Among René Prou's many stylish art deco designs for furiture and interiors were dining cars for the Orient Express. This example is far cry from the strict utilitarian wheel-less cabin above. (The Orient Express, as of December 2009, is no more! Taking time for luxury to this extent is out of pace with today's world.)

Here is the Comtesse Greffulhe graciously demonstrating the convenince of her cabin in 1942. She ventures out into her hotel particulier in the 8-10 rue d'Astorg judiciously wrapped in fur and warm hat as if she were already in open air. Her enormous home was made by uniting several buildings and was known by Parisians of the day as "the Vatican" !
In posing for a magazine, she seems to take philosophically her camp-out in the salon of one of her glorious homes and stresses the ingenious side of the invention.

photographs by Nadar

I have no evidence that the Comtesse ever succombed to other designs by René Prou. All reports seem to speak only of 18 th and 19 th century furnishings in the Greffulhe collections which were mostly her husband's enterprise. Much of their collection was auctioned in 2000, including a remarkable carved goldleaf chair signed Jacob which had belonged to Marie-Antoinette. The chair went for four times its estimated price and found its way back to the collections of the chateau de Versailles.
portrait Walter Musée Galliera

Élisabeth de Riquet de Caraman-Chimay
of Belgian father and French mother Marie de Montesquiou Fezensac,
 was one of the most charming, intelligent, and beautiful women of her day.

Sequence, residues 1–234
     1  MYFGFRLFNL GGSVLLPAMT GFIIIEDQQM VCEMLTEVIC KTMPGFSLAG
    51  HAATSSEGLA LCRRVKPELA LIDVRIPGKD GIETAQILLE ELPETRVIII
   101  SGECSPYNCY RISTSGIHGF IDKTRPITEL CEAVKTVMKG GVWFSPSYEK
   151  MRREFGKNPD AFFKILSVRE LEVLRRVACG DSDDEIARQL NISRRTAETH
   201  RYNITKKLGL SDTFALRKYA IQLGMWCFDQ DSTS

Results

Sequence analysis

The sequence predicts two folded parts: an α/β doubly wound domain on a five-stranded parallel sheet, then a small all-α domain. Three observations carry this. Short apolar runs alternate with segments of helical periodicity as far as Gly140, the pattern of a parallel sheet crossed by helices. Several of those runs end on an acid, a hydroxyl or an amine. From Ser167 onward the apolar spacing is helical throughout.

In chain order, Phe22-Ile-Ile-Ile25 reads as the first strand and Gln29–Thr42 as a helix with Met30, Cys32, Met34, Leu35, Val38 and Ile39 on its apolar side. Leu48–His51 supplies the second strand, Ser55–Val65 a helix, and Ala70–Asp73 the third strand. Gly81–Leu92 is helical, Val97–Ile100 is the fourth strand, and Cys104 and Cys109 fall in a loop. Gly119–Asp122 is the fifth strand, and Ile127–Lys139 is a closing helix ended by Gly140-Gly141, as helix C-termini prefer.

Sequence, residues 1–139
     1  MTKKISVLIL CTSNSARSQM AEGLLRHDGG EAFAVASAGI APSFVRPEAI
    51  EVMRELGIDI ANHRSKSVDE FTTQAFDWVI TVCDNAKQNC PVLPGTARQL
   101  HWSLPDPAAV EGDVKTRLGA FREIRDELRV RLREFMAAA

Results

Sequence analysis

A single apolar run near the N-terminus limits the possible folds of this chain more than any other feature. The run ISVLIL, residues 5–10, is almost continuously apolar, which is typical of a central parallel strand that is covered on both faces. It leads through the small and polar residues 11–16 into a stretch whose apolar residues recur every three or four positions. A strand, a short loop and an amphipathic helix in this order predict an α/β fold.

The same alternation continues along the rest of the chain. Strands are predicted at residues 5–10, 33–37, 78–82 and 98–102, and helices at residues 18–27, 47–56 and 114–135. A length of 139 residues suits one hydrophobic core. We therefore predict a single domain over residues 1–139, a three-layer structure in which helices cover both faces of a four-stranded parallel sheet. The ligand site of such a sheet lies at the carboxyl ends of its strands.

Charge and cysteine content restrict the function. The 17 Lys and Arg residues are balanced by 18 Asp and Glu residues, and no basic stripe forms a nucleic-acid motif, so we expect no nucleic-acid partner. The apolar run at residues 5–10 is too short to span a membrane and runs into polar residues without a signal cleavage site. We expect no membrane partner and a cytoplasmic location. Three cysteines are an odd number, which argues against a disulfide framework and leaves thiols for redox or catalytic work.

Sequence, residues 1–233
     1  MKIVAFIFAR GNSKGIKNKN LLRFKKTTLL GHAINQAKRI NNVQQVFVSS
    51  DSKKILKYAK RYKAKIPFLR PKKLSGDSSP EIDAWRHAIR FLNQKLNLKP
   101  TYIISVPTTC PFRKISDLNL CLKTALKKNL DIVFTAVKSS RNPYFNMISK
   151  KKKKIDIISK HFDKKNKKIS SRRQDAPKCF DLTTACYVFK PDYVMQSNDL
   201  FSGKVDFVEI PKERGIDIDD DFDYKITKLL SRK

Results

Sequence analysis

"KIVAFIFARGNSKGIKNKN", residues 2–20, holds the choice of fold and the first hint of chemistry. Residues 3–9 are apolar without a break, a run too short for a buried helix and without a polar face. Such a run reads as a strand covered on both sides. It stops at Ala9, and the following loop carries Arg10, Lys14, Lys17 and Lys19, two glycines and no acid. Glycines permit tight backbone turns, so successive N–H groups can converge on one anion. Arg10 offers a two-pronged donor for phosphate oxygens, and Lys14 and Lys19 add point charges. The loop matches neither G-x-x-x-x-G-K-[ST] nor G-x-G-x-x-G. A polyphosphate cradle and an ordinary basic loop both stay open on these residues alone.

Her many talents include painting, photography which she learned with Paul Nadar, and perhaps above all - music. Par the intermediary of her cousin Robert de Montesquiou, she was introduced to Gustave Moreau and Antonio de La Gandara and would help to popularize the art of Gabriel Fauré and Whistler. She also supported the pioneering scientific work of Pierre and Marie Curie.

portrait by Helleu

She is said never to have been pleased by her portraits and never to have given away her photograph to her many admirers. Robert de Montesquiou, perhaps her greatest admirer, resorted to secreting away a sketch of her chin by La Gandara from the artist's studio, and used to contemplate it untiringly from his bathtub.
The comtesse is also said to be the principal inspiration for Proust's Duchesse de Guermantes.

portrait by de Laszlo

Madame la vicomtesse Greffulhe sera chez elle les jeudis

With these words, the Comtesse de Greffulhe engraved her cards to receive the intellectual, artistic, and political elite in one of the most select salons of the Belle Epoque.

Proust speaks of Mme de Guermantes and the institution of the salon and we easily imagine
Elisabeth de Greffuhle:
"For instance at the Princesse de Parme’s parties there were a number of people whom her Royal Highness invited because she had known them as children, or because they were related to some duchess, or attached to the person of some Sovereign, they themselves being quite possibly ugly, boring or stupid; ... but Mme de Guermantes, who had politely acknowledged their bows for ten years at the Princesse de Parme’s, had never once allowed them to cross her threshold, considering that the same rule applies to a salon in a social sense as in a material sense of the word--- that is, to have furnishings one doesn't care for, but are left as so much filling and reminders of wealth, is enough to make it hideous. Such a salon is like a book in which the author could not refrain from the use of language to flaunt his knowledge, brillance, fluency.